A useful tool when evaluating the quality of a collection of TnSeq datasets is to make a correlation plot of the mean insertion counts (averaged at the gene-level) among samples. While it is difficult to state unequivocally how much correlation there should be between samples from different conditions (or even between replicates of the same condition), the corrplot can often reveal individual samples which stand out as being far less correlated with all the others (which subsequently might be excluded from analyses).
Note: The corrplot command calls R, which must be installed on your system, and relies on the ‘corrplot’ R package. See Installation Instructions.
python3 src/transit.py corrplot <mean_counts> <output.png> [-anova|-zinb]
The simplest usage is without the flags at the end. The mean_counts file is generated by the ‘export mean_counts’ command, and gives the mean insertion count for each gene in each sample.
Here is an example of making a corrplot:
> transit corrplot glyc_chol_combined.wig.txt glyc_chol_corrplot.png correlations based on 3990 genes
A corrplot can also be generated from the output of ANOVA or ZINB analysis, showing relationships among the conditions themselves (i.e. with replicates merged, rather than correlations among individual samples). Importantly, the correlations are based only on the subset of genes identified as significantly varying (Padj < 0:05) in order to enhance the patterns, since otherwise they would be washed out by the rest of the genes in the genome, the majority of which usually do not exhibit significant variation in counts.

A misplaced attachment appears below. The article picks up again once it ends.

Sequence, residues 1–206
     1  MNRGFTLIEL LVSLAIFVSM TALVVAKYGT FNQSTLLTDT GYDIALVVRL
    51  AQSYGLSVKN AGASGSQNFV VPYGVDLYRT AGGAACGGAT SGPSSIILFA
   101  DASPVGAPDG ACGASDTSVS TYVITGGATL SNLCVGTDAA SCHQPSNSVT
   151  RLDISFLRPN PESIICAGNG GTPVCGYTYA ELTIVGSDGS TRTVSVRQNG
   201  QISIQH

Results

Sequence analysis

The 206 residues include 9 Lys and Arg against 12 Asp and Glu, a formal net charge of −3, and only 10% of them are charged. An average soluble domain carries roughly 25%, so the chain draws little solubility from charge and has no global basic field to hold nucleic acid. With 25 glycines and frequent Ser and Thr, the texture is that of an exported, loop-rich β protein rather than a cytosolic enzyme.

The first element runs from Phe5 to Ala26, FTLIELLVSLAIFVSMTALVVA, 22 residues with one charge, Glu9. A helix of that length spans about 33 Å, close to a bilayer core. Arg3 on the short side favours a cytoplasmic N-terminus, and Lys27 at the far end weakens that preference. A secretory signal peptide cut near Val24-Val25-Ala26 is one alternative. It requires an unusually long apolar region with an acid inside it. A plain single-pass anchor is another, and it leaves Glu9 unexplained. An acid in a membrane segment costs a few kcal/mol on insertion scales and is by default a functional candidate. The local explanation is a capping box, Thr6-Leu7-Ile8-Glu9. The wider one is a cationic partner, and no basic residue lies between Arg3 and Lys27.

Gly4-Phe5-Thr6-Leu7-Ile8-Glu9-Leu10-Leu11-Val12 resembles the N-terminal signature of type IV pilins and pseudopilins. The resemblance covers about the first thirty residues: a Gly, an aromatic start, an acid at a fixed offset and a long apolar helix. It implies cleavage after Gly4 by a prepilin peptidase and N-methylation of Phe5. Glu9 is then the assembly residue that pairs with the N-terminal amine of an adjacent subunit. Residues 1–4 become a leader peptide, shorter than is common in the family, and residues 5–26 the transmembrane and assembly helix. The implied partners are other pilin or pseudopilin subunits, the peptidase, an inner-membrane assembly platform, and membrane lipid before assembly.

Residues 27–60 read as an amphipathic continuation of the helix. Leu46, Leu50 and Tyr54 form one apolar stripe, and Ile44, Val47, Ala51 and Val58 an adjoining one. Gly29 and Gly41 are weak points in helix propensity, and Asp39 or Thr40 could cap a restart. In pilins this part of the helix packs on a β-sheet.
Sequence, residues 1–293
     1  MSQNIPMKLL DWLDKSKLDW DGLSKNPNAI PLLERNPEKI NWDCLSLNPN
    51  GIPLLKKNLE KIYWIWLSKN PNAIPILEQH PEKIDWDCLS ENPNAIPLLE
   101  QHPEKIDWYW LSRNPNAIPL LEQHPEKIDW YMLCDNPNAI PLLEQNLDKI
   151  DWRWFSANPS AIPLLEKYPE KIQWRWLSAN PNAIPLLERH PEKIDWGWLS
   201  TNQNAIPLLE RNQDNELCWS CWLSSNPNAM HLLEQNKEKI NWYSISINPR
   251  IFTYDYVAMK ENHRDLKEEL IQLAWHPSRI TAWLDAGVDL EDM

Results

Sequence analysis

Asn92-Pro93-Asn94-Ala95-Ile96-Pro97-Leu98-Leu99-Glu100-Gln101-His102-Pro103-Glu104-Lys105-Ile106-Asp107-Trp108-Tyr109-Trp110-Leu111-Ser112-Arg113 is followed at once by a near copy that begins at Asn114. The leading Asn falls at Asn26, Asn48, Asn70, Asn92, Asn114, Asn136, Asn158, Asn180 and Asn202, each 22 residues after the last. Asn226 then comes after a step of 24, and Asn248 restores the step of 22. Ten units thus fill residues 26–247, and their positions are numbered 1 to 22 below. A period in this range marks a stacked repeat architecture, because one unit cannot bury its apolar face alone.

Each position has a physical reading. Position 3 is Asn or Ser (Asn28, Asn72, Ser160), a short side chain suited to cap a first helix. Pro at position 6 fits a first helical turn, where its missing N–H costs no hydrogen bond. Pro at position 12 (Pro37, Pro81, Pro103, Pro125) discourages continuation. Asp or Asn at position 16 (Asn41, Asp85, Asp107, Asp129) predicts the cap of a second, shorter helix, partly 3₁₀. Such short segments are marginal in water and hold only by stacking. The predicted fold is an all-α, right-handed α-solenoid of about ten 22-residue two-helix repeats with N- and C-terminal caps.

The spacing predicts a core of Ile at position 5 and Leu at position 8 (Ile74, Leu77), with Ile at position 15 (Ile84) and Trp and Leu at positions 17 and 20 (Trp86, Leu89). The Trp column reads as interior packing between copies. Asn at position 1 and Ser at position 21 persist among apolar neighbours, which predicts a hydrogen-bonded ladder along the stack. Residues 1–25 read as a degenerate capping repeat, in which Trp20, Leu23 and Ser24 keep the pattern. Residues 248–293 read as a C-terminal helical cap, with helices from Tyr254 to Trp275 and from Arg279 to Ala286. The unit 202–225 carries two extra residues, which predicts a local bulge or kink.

Here is an example which generates the following image showing the corrplot among several different growth conditions:
> python3 src/transit.py corrplot anova_iron.txt iron_corrplot_anova.png -anova correlations based on 229 genes
Note that if an ANOVA or ZINB output file (both of which contain mean counts for each gene in each condition) is supplied in place of mean_counts, the last argument of corrplot must be set to either ‘-anova’ or ‘-zinb’ to indicate the type of file being provided as the first argument.
Note: corrplot requires R (statistical analysis software) to be installed on your system. See Installation Instructions.